Leclerc embarrassed by six-second deficit

Date published: November 14 2020

Charles-Leclerc-PA

Charles Leclerc had “absolutely no explanation” for being six seconds off the pace in qualifying for the Turkish GP.

Leclerc went into qualifying full of optimism. He had featured in the top three in FP1, FP2 and FP3, but come qualifying the pace in his Ferrari simply vanished.

He would ultimately finish Q2 all the way down in P14, causing him to miss the shoot-out for pole.

But the part which really hurt the Monegasque driver was the fact that he was 6.4 seconds slower than Max Verstappen who topped that session.

“I have no explanations, absolutely no explanations,” a frustrated Leclerc told reporters at the Istanbul Park.

“We went in the heavy rain in FP3 this morning, we were competitive, we were probably one of the fastest cars out on track, coming into qualifying six seconds off.

“We’re not speaking a few tenths, we are six seconds off which is absolutely huge. I have no explanations for that.

“We need to understand what we are doing wrong in the rain. Because this is not one time, but it’s been a few times in the rain, we are struggling more than the others, and we’re not speaking about small differences.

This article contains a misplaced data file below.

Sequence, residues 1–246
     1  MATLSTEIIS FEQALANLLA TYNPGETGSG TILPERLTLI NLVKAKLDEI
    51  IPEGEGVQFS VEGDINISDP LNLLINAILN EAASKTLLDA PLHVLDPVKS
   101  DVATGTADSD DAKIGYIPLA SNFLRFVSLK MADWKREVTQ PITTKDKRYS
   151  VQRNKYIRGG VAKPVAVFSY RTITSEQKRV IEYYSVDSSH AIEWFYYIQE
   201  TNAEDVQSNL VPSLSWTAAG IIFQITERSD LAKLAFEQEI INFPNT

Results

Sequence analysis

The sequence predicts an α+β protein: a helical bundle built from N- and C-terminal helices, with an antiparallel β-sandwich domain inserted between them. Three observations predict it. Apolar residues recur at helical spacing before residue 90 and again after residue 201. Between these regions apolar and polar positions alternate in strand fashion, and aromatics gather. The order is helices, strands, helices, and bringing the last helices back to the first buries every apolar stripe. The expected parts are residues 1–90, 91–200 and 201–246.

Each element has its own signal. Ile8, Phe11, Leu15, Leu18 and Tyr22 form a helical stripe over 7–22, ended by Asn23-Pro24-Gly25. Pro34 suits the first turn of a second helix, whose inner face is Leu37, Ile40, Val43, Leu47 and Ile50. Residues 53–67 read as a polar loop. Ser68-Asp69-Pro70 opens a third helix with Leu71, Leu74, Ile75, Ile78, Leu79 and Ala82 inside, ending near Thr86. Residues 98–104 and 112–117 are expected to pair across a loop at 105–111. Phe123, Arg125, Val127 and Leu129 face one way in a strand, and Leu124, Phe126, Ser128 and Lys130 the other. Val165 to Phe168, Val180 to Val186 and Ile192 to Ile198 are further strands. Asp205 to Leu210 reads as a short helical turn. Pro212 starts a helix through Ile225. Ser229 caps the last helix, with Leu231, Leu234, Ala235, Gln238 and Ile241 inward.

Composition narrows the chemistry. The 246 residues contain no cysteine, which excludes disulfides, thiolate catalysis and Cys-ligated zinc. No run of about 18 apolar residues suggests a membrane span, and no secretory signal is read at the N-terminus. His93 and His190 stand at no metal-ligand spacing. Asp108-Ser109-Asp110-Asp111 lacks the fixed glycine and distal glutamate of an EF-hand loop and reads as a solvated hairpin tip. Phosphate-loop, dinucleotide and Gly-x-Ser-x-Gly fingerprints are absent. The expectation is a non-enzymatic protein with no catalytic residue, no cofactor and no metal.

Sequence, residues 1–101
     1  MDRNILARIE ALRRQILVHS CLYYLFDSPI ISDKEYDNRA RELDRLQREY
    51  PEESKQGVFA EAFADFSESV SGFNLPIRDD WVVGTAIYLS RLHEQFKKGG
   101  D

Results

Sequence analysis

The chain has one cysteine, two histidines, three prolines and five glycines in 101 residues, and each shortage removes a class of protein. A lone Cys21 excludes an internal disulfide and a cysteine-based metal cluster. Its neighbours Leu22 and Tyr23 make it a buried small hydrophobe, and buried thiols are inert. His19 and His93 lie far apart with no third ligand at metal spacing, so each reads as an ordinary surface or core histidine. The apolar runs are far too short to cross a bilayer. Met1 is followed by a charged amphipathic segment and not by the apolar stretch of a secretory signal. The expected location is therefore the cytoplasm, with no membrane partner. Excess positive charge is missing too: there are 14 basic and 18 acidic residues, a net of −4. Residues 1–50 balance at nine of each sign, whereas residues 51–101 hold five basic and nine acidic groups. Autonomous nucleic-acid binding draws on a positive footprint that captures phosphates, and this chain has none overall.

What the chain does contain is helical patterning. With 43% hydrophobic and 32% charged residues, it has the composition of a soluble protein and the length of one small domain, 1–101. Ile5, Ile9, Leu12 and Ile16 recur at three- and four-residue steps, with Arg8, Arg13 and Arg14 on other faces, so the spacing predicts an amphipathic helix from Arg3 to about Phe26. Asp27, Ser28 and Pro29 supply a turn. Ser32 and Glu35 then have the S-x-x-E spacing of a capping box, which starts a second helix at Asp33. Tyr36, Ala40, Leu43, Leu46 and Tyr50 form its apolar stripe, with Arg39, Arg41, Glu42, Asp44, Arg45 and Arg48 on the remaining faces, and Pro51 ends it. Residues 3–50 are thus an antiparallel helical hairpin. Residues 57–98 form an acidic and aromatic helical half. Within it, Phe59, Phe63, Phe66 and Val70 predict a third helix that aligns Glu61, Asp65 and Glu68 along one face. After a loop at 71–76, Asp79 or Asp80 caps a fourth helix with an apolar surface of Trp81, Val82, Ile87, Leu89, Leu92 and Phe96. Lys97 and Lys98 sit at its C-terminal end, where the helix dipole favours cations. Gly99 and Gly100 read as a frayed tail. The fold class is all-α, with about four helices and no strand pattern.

“I don’t know what could be the cause. Because again this morning, it was raining and on intermediates, we were competitive. So no explanations.”

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Leclerc has grown accustomed to getting the better of team-mate Sebastian Vettel this season, but the four-time World Champion will actually start the Turkish Grand Prix ahead of Leclerc.

He was 1.5 seconds faster than Leclerc in Q2 so was frustrated not to have sneaked into the top 10.

“We were struggling just to generate temperature, so I think a couple of degrees makes all the difference,” he told Sky F1.

“But we couldn’t find them and I would assume that the extreme [wet] was our weakest compound.”

Vettel said that the conditions of the track at Istanbul Park were something Formula 1 has never seen before.

“I think it’s something we haven’t seen before,” he explained.

“I think back to 2012 in Austin when the asphalt was new and the first sessions were very tricky.

“It’s also fun but obviously if you’re not able to generate enough tyre temperature so that the car and the tyres start to work, then it’s even worse than just being slippery.”

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